This depends on what visa person in question holds. Those who are employed by a Thai company, married to a Thai national or retired can get yearly visa extensions. Education visas and the Thailand Elite also offer longterm stays for the holders. Permanent residency and Thai citizenship is also available for qualifying people.
Can I live in Thailand permanently?
Those who qualify for Non-Immigrant O visas can extend their stays yearly, as long as they satisfy the application requirements. The Thailand Elite program also offers long term stays, which can be extended. Permanent Residency and Thai Citizenship can also be obtained (should the application requirements be met).
Can you get permanent residency in Thailand?
Thailand does offer Permanent Residence for those who satisfy the application criteria.
Can foreigners retire in Thailand?
Yes, Thailand offers a Non-immigrant O visa for retirees. There are however, application requirements that must be satisfied before applying. Examples include, monthly/yearly financial and insurance requirements.
Can I stay in Thailand for 12 months?
Thailand has various different visa options for those who wish to stay for a year (subject to qualification requirements). Examples include, the Thailand Elite visa, education visa, retirement visa etc.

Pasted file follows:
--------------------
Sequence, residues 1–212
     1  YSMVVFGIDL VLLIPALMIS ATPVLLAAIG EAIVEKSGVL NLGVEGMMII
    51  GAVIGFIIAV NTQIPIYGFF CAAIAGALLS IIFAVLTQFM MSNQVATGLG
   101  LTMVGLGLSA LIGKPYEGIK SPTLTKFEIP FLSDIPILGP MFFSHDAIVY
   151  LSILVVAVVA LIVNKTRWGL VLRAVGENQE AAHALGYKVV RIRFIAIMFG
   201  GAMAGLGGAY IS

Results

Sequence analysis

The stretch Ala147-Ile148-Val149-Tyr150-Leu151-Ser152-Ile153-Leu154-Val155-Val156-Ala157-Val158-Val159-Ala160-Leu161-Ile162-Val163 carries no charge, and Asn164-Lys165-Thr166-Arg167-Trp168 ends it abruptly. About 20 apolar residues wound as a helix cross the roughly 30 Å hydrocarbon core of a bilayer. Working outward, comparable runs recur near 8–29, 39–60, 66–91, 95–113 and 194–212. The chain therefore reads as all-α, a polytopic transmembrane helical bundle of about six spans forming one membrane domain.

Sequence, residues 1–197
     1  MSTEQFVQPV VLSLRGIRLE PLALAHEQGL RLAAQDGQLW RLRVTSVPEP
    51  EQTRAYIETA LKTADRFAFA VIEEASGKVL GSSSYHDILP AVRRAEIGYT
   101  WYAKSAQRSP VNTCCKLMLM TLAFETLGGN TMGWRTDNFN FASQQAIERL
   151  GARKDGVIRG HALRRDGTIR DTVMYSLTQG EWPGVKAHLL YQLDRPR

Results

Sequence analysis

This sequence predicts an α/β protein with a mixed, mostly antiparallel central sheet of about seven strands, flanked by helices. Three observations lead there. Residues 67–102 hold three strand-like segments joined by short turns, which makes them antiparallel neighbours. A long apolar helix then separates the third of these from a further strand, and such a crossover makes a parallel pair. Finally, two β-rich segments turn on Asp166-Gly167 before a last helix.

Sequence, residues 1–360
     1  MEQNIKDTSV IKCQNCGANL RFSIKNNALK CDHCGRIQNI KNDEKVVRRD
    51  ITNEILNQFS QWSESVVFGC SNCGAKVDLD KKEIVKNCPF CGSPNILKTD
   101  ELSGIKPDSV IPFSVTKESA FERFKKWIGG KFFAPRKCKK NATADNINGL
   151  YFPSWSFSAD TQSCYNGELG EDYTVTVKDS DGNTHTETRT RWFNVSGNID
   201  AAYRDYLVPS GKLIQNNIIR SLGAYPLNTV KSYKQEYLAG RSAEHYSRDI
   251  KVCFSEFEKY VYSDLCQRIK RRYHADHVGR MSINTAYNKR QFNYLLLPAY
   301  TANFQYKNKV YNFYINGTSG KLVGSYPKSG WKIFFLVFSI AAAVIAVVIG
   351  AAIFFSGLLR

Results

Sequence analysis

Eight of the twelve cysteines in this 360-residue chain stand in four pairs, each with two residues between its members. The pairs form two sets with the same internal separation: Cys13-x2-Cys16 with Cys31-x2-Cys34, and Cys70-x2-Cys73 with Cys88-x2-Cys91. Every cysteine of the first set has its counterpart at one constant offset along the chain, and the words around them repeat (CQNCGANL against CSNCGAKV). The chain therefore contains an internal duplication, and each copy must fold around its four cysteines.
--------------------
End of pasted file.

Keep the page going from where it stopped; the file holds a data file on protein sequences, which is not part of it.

What are the benefits of the Thailand LTR Visa?
Holders of an LTR visa will be eligible for many attractive benefits which have been designed to make living in Thailand long term easier and less bureaucratic.
- A discounted personal income tax rate
- Permission to work in Thailand
- Fast track at international airports
- 1 year reporting to Immigration instead of 90 days
Who is eligible for thailand LTR Visa?
The LTR visa has been designed for those who have enough work experience, income, and assets i.e. “high-potential” expats.
Essentially, the LTR visa will be available to the following groups:
- An investor who wants to invest at least $500,000 USD in Thailand
- A retiree who wants to get a 10-year visa
- A professional worker who wants to get a 10-year visa